By Katherine Long
Like many around the world, members of the Jesuit community in Syracuse were surprised to learn that Cardinal Jorge Mario Bergoglio had been elected as the Church’s first Jesuit pope March 13.
“My first reaction was one of real surprise,” said Father David McCallum, SJ, Le Moyne College’s Interim Dean of the Madden School of Business and the Director of Mission and Identity. “In the history of the Church, and certainly in my years as a Jesuit, the thinking was there would never be a Jesuit pope.”
First, Jesuits “are unique in that they take a special vow of obedience to the pope,” Father McCallum explained; members of the order promise to go wherever the pontiff might send them to serve. That missionary charism, coupled with a goal of living simply, means members of the Society generally do not seek high offices, Father McCallum said. Until the election of Pope Francis, Jesuits had worked in service of the pope, not in service as the pope.
Second, the perceptions of Jesuits having undue influence in the Church — “Though I can assure you that is certainly not the case!” Father McCallum said — and being “socially progressive” had previously made a member of the Society of Jesus an unlikely candidate for pontiff. Pope Francis, however, “is a humble, holy man who has lived simply and not been caught up in the trappings of his positions,” Father McCallum said. “He is in line with Pope [Emeritus] Benedict doctrinally and socially, and is extremely committed to service to the poor and has demonstrated compassionate pastoral care for his people.”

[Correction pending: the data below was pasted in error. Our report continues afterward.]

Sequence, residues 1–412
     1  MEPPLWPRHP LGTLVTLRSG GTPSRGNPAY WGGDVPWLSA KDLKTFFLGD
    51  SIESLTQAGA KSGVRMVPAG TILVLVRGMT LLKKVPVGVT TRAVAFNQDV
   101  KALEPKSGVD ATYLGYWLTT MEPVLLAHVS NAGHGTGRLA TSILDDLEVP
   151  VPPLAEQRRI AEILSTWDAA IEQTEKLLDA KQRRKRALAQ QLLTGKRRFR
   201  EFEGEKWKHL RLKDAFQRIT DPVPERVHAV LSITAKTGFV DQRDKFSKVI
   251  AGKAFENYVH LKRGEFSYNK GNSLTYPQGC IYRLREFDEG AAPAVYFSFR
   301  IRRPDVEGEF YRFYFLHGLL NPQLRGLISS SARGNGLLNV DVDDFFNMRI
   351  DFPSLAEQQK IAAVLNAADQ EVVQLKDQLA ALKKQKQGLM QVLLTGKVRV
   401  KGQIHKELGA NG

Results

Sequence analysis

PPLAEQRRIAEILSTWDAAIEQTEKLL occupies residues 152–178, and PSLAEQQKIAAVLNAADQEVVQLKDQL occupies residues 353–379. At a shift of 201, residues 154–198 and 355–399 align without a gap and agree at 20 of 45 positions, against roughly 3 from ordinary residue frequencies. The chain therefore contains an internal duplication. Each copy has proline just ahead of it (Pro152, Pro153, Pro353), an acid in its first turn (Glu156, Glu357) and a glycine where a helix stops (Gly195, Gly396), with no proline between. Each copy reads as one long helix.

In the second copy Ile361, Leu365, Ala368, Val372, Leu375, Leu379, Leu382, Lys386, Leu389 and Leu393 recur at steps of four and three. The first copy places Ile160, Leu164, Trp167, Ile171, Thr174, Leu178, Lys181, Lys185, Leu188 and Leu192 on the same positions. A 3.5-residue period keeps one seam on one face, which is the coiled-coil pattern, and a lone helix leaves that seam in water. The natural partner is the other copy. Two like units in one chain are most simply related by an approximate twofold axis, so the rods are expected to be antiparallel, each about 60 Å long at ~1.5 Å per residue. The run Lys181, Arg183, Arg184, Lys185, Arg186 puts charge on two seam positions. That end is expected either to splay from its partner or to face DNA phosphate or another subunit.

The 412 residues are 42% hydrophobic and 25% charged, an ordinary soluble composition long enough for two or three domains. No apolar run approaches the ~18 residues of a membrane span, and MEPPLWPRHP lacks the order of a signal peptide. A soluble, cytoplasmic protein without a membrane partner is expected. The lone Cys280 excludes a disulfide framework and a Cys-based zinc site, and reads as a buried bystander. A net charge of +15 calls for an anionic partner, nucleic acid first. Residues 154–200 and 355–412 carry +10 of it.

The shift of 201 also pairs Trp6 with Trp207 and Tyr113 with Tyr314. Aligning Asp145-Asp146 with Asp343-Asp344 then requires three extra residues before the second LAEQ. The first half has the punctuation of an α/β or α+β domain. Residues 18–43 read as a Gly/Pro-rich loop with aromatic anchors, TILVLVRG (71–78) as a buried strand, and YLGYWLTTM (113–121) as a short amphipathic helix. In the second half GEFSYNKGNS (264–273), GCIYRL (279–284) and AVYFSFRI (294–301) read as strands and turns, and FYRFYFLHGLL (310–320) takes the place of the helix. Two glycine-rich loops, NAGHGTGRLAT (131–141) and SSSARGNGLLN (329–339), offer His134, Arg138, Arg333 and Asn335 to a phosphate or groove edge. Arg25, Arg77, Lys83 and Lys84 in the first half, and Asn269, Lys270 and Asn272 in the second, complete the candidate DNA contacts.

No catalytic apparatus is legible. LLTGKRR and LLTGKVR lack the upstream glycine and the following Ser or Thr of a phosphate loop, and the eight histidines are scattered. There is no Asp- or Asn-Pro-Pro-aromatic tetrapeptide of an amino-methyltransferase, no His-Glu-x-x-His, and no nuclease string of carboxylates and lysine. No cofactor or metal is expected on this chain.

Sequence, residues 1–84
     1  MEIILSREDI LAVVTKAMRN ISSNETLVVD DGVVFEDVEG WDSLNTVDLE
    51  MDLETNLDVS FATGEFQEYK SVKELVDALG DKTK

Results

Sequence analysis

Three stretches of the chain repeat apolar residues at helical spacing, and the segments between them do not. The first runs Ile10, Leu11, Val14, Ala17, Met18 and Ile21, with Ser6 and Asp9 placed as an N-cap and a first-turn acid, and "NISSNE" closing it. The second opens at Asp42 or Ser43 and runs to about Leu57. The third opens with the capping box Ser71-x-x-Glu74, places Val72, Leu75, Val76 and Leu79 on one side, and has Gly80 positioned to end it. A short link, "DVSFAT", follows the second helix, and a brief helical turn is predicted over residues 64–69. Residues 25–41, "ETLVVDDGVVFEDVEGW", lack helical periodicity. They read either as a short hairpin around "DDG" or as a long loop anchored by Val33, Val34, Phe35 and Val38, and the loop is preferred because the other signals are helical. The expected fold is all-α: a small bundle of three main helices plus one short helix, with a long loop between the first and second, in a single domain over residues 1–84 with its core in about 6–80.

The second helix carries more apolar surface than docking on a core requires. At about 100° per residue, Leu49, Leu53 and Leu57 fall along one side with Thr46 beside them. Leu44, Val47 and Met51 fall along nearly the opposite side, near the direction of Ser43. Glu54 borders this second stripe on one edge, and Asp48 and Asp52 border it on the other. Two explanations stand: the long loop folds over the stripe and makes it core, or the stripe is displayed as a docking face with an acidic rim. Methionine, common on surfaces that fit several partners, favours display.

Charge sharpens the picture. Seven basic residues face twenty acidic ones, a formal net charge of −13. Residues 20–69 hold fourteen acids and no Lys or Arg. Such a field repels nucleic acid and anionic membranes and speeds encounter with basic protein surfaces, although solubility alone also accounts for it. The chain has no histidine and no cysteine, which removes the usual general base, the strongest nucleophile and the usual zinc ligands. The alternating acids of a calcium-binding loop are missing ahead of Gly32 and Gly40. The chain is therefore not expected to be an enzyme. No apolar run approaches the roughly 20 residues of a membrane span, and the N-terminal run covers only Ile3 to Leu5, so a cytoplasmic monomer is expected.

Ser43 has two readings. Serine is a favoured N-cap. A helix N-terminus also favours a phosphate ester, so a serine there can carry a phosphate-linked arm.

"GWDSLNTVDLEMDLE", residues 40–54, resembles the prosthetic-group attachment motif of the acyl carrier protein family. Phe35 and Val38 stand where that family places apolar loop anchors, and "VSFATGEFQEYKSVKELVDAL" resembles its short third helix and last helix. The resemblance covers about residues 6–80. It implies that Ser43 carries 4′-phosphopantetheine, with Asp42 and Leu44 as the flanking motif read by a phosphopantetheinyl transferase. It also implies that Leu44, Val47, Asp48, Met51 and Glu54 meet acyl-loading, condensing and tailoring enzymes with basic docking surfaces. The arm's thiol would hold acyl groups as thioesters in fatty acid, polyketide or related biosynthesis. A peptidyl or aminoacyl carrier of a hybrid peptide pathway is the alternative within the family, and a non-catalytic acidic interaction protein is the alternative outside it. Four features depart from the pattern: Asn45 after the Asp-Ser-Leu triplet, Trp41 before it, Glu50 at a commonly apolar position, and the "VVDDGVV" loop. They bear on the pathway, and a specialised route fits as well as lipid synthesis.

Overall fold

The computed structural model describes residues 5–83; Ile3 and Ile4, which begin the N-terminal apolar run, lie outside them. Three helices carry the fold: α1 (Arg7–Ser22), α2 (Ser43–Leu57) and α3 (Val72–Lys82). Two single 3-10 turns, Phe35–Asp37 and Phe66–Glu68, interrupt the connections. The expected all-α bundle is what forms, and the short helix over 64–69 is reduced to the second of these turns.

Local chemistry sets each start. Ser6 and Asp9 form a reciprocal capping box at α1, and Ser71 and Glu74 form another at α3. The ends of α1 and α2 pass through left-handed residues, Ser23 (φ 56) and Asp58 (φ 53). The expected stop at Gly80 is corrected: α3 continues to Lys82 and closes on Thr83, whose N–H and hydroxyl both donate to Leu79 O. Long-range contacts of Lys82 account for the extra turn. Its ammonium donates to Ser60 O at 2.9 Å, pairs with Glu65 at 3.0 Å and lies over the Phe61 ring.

Father George Coyne, SJ, former director of the Vatican Observatory and current McDevitt Chair in Religious Philosophy at Le Moyne, was also surprised by Pope Francis’ election. But, he said, there is also “a certain family pride” in seeing a member of his order become pontiff.
Father Coyne said he does not think Pope Francis’ membership in the order will have an effect on his papacy, per se, but rather that his formation in Jesuit spirituality will inform the decisions he makes as pope.
“One, [Jesuits] see [their] work as contributing to the glory of God. My work at the telescope, for instance, is a prayer,” Father Coyne said. “Two, our vow of service to the pope influences our lives. Any criticism we voice is founded upon deep love and loyalty. …And three, over the last decades, the Jesuits have placed a great deal of emphasis on the service of justice and peace.” All this, Father Coyne believes, will play a part in Pope Francis’ thinking as he sets about reforming the Roman Curia. “I think as he reforms the government of the Church, the reform will be in the direction of moving the Curia toward a sense of ‘We serve God’s people, not ourselves. All offices have to be run in the service of God’s people.’”
Both Father Coyne and Father McCallum praised the College of Cardinals’ decision to elect a pope from South America. Father Coyne called the decision “magnificent and transformative” for the Church, and Father McCallum said it was “recognition of a shift in the center of gravity in the Church. Of the 1.2 billion Catholics in the world, 40 percent live in Latin America. This [election] is a shift away from a traditionally Eurocentric worldview and culture [in the Church].”
Noting the intense work of “healing, growth and reform” awaiting Pope Francis, Father McCallum said he would be keeping the Holy Father in his prayers every day. He also said he’s looking forward to seeing the effects of the first Jesuit pope locally. “If, because of this election, people start to ask, ‘What’s a Jesuit?’ and begin to discover a bit about us, our heritage and our spirituality — that would be exciting.”